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topic 10079

Removal of Wax masking from silica materials


We need an easy and quick method of removing wax. At present a detergent is used for removal of bee wax. We tried to use boiling sodium hydroxide but it is not a safe method. Can you please suggest a suitable method for removal of bee wax from silica material?

Nagaprasanna Bettadhapura
- Auckland, New Zealand


 

Trichloroethylene heated to 200 degrees F will do the job nicely but the fumes need to be exhausted. Use a vapor degreaser if possible.

Russell Richter
- Danbury, Connecticut, USA


Lift Off No. 5

 

Hi, Nagaprasanna. The effortless way would be vapor degreasing if you have a vapor degreaser unit.

Ted Mooney, finishing.com Teds signature
Ted Mooney, P.E. RET
finishing.com
Pine Beach, New Jersey


 

You have three options to remove beeswax:

1) Emulsify the wax in water with or without soap.

2) Dissolve the wax in a solvent.

3) Burn off the wax in an oven.

It sounds like you'd prefer to emulsify the wax in hot water. Beeswax can form an emulsifier system with Borax, and the beeswax/borax solution may partition into hot water without any scrubbing action. Other detergents/Surfactants may be required to augment this action. Several baths may be required to affect 100% removal. It may help to use a solvent as well.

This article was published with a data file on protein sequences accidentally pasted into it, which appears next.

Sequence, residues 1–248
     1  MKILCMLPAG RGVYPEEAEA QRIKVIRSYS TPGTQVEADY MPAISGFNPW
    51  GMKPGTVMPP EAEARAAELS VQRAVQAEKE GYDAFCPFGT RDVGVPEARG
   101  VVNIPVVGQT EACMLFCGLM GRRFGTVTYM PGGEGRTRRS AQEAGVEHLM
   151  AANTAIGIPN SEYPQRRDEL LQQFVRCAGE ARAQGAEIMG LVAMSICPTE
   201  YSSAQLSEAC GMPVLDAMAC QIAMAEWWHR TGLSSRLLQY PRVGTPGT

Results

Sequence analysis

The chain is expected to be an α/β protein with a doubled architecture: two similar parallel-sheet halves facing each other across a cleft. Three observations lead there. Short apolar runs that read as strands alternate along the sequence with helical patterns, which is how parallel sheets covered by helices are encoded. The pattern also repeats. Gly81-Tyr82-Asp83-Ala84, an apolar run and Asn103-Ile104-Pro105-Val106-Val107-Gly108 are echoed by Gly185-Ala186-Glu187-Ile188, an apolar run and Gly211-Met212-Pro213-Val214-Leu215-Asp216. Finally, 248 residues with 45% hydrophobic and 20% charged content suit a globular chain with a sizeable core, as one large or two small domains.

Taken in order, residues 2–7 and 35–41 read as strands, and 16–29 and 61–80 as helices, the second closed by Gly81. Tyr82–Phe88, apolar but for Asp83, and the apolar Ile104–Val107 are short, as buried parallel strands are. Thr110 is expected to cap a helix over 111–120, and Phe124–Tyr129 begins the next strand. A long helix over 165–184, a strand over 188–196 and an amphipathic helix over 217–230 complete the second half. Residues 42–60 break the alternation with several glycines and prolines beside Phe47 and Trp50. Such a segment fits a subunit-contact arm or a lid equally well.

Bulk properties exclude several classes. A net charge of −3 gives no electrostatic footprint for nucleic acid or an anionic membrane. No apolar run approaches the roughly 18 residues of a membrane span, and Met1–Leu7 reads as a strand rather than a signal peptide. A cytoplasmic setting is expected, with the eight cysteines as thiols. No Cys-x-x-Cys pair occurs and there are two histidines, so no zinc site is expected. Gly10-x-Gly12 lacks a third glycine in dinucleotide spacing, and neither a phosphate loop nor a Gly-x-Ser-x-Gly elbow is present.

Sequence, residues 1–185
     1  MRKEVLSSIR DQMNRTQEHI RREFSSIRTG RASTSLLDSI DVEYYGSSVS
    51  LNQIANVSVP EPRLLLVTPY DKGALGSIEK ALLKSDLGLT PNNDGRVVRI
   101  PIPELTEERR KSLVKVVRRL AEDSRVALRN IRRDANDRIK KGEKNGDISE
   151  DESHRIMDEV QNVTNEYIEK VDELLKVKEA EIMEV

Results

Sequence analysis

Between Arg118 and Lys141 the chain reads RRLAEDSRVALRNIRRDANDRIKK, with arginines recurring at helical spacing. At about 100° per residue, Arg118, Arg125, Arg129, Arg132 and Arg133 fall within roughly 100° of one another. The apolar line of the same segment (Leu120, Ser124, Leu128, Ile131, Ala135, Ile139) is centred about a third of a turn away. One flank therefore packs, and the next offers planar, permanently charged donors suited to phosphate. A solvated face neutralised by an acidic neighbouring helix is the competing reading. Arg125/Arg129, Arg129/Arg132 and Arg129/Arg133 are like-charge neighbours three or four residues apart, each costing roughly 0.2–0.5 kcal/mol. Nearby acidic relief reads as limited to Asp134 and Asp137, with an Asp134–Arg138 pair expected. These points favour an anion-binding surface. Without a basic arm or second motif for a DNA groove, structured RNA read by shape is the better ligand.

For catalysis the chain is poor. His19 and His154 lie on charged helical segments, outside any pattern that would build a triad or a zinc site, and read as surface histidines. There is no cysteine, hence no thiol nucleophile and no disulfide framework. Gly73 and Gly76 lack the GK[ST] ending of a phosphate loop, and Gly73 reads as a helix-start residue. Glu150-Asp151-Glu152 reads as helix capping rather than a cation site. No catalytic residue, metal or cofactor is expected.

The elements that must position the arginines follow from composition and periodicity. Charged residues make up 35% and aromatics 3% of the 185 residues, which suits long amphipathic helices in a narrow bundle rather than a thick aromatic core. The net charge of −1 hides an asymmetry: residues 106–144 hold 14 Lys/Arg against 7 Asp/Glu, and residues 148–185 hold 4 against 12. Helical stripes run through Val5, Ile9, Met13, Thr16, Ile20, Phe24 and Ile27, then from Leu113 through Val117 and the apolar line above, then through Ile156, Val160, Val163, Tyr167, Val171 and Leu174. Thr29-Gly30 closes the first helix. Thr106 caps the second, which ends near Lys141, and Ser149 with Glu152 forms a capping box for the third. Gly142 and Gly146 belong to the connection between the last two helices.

An off-the-shelf approach would be to try strong industrial de-greasing preparations.

Another approach that has been used is to immerse the parts in very hot light mineral oil before cleaning. The mineral oil will diffuse into the beeswax, and the mineral oil/beeswax mixture will have a lower melt point and clean off surfaces more easily than the straight beeswax will.

Something to remember is that beeswax and beeswax/oil mixtures float on top of water. Simply immersing your parts in boiling water and siphoning off the beeswax that floats to the surface will eventually remove all but a thin film of wax.

If your parts are porous, you may require a hot solvent wash to remove the wax completely, since the structure of the pores may interfere with surfactants. I have seen this before with ceramics. The advantage of hot solvent is that you can design a closed-loop system and recycle both the solvent and the wax.

Good luck, and let me know if any of this was helpful.

Bob Zonis
- Bohemia, New York



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